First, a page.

Dangers of not getting a house survey

September 24, 2019

When buying a home, for most of us it will probably the biggest purchase in our lives, yet still only about 1 in 5 commission an independent survey on the condition of the property they buy.

The average buyer who does not get a home survey spends over £5750 on unexpected repair bills when they move in. RICS also states that 17% of new owners ended up paying more than £12,000 to make their homes habitable.

1. You will be missing out on expert advice

For many people, a survey offers the rare opportunity to receive independent and impartial advice from a qualified professional with years of experience in the field. These RICS regulated surveyors will utilise their expertise in the housing market to identify any potential issues, assisting in your final decision on whether to progress with the transaction.

By choosing a local surveyor, you can guarantee they will be able to draw upon extensive local expertise, for instance, they will often have bespoke knowledge regarding the local property market, as well as a developed understanding of any environmental risks, such as subsidence or flooding.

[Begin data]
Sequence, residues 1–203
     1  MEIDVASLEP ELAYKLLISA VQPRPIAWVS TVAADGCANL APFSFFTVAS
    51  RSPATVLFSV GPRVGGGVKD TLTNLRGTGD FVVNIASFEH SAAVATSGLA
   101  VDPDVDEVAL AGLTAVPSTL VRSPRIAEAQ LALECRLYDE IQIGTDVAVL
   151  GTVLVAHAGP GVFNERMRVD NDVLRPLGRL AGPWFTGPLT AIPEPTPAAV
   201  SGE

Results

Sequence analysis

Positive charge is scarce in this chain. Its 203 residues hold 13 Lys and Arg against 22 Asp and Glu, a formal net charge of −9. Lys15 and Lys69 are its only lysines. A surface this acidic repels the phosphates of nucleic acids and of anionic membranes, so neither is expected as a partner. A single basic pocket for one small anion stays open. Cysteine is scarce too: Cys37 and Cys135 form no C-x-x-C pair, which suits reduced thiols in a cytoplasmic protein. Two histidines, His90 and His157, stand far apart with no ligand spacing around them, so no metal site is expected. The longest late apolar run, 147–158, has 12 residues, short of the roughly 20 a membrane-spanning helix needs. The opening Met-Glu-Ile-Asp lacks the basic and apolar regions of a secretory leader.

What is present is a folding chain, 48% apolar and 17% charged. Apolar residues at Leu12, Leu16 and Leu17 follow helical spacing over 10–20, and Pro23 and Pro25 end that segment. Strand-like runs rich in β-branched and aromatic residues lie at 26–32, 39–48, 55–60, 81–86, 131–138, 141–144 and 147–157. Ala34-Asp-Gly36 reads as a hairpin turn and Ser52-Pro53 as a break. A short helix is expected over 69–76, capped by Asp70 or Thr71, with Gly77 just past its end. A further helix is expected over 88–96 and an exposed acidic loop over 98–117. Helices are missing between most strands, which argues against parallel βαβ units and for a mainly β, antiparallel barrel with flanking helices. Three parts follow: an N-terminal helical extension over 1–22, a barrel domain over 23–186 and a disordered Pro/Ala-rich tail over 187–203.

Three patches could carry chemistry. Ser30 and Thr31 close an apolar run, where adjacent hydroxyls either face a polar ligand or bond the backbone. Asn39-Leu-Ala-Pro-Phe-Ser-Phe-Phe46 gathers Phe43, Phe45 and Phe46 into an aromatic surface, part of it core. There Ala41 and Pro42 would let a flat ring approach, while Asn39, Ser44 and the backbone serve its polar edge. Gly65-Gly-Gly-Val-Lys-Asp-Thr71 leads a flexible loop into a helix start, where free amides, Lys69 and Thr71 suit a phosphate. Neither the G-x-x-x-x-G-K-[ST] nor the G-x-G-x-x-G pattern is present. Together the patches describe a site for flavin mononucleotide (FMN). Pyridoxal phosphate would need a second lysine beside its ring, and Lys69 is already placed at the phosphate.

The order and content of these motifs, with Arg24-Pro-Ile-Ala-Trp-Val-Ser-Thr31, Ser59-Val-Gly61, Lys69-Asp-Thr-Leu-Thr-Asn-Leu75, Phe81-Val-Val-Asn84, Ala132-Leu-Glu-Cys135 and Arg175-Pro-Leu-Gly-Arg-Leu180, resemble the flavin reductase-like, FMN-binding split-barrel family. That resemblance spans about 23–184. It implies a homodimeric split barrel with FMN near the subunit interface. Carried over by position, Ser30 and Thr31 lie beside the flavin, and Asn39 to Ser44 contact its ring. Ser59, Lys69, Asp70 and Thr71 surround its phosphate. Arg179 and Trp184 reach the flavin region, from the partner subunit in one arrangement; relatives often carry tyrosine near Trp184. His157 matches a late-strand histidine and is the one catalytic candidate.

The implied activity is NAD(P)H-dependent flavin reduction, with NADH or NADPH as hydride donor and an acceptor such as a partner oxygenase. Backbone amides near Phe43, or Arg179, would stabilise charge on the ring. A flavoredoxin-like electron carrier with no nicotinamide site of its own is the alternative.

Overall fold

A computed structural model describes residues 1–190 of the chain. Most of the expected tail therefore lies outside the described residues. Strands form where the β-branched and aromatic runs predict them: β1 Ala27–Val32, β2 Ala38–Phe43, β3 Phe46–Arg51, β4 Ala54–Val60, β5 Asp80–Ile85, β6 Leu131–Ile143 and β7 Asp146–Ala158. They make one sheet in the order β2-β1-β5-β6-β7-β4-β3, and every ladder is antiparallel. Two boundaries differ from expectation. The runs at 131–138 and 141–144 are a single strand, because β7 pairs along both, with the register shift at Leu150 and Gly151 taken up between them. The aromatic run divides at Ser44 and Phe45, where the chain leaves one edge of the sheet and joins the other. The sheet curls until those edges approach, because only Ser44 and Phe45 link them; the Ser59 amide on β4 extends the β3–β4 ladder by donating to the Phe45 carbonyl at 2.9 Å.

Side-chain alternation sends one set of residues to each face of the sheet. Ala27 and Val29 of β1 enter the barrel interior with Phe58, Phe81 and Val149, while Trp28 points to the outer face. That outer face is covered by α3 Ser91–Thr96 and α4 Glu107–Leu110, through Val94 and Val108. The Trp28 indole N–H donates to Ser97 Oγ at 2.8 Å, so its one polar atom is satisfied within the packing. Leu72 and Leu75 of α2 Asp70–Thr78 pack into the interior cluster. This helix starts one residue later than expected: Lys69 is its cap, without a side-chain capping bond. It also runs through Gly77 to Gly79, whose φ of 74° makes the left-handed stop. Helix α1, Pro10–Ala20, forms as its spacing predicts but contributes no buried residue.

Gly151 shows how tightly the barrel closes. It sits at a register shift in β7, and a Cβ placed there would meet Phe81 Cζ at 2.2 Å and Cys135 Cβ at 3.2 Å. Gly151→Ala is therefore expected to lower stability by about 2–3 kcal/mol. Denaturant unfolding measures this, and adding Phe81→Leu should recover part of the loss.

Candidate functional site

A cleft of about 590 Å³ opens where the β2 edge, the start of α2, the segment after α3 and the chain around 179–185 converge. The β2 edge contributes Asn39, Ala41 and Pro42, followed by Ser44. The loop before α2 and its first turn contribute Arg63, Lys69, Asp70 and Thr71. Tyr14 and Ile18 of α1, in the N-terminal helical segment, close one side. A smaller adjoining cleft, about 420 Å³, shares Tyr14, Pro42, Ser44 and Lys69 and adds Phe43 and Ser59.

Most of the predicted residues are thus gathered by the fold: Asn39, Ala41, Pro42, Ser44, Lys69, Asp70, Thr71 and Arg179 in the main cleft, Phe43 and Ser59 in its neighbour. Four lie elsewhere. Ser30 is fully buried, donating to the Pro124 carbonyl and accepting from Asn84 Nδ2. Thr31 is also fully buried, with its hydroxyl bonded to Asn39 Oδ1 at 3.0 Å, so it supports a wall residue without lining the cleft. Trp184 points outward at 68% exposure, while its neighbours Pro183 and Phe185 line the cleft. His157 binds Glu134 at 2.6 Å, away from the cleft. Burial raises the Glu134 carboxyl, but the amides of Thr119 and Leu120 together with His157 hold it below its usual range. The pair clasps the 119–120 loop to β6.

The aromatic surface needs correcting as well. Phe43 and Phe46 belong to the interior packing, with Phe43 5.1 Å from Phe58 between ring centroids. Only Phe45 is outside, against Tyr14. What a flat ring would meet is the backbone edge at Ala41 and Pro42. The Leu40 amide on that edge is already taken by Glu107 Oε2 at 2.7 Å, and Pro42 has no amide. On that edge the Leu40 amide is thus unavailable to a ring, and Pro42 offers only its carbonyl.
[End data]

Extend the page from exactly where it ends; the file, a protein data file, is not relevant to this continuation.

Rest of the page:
2. Don’t make the error in thinking a valuation is a survey

A valuation is NOT a survey – Property surveys are for your benefit, whereas valuations are for lenders to decide whether a property is safe to lend on – you shouldn’t see a valuation as a substitute as it does not give the condition of the property.

3. Renegotiations will be more difficult

In the case that your survey does identify several issues regarding the condition of the property, the report can subsequently be used to effectively renegotiate the price with the seller.

After getting costing for the repair needed, you can either use theses figures to reduce the price or to request the seller does the repairs themselves.

4. Misinformed buyer

Not undertaking a survey can result in an uninformed homebuyer who does not know the true condition of the property.

This can be an extremely costly mistake. A survey helps the buyer understand the condition of the property and then possible future costs, allowing for an informed purchase price.